The East, formerly the Orient, is the theme of this year’s 13th Cairo Biennale titled Eyes East Bound. Spread over three venues: Aisha Fahmy Palace in Zamalek and the Palace of Arts and the Egyptian Modern Art Museum, both located near the Cairo Opera House, the exhibitions feature works by artists from around the globe, including entries from the Middle East, Africa, Europe and North America, with a handful of artists representing Australia, Central and East Asia and South America. The selection of very high quality artworks ranges from traditional painting, sculpture, photography, installation to video art.
Over eight years has passed since the previous 12th edition of the Biennale, which took place from December 2010 through to the beginning of the eventful year 2011. It was to be expected that since the event itself was put on hold partially because the events of the Arab Spring, a significant amount of works would be dealing directly or indirectly with the events of 25 January Revolution in Egypt and its aftermath. Quite a few works on display are explicitly political, social issues and problems of everyday life in Egypt and in the region are also explored from a variety of perspectives, including artists living and working in the MENA region, Middle-Eastern artists living abroad, or outsiders from elsewhere. In the history of Western Art this part of the world has been often misrepresented with the use of appealing exotic imagery, while native arts were for a long time dismissed as mere craft. In today’s world we often associate the Middle East with negatives, because those usually make the headlines in the international news: violence, wars, and migrant crisis. The theme of this year’s Biennale challenged the participating artists to present their own view on what the East as a concept means to them.
Out of the three Biennale venues the most lavish setting is the historical Aisha Fahmy Palace (The Center of Arts). Its splendid interiors provided a fitting space to showcase luminous canvases of the French painter Gérard Garouste, who is the Biennale’s guest of honour, and selection of works by the acclaimed Egyptian artist Youssef Nabil. Garouste’s paintings, inspired by sources as varied as the Bible, literature, popular culture and mythology, fit well within the theme of this year’s Biennale. In the historical setting of Aisha Fahmy Palace Nabil’s films (a contemporary take on the artificial and glamorous aesthetics of the movies from the forties, fifties and sixties, the golden age of Egyptian cinema) and hand-coloured photographs (a technique popular during the late nineteenth century) really come to life.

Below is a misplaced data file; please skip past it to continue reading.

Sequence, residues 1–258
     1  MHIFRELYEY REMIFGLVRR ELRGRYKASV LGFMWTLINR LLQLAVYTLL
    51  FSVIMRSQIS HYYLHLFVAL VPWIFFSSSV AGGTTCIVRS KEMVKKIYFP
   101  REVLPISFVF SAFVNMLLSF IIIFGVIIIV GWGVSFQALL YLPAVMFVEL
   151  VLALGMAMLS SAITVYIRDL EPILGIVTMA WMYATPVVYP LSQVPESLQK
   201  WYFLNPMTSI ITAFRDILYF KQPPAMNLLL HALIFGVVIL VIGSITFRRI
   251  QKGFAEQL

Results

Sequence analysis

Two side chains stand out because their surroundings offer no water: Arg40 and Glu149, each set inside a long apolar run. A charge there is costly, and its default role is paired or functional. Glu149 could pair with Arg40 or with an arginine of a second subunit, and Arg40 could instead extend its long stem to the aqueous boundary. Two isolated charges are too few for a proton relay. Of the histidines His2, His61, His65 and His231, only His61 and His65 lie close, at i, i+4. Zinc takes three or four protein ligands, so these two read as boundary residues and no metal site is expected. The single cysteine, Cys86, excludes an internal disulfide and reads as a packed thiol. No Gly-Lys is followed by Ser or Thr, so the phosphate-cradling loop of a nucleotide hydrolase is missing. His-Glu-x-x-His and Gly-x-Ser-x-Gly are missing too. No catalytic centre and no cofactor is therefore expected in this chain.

Climate and nature
One of the thematic strands well represented in the Biennale are ecological and climate concerns. Melina Nicolaides (Cyprus), who is the Director of ACTIVATE Nonprofit Arts Organisation, works on cross-disciplinary projects which address climate change and its impact on the Eastern Mediterranean and MENA (Middle East and North Africa) area. Nicolaides’s film titled Everyone Here is Connected (2019) is a reminder that far from being local problems, global warming and related issues affect all of us.
Palm leaves (2019) installation by Slovenian artist Tobias Putrih is not only visually striking, but it also fills the nostrils with wonderful aroma of palm leaves. The artist is known for stunning architectural installations. In the context of other works on display it relates to climate change concerns, while transporting the viewer away from noise and pollution of Egypt’s capital to an imaginary oasis.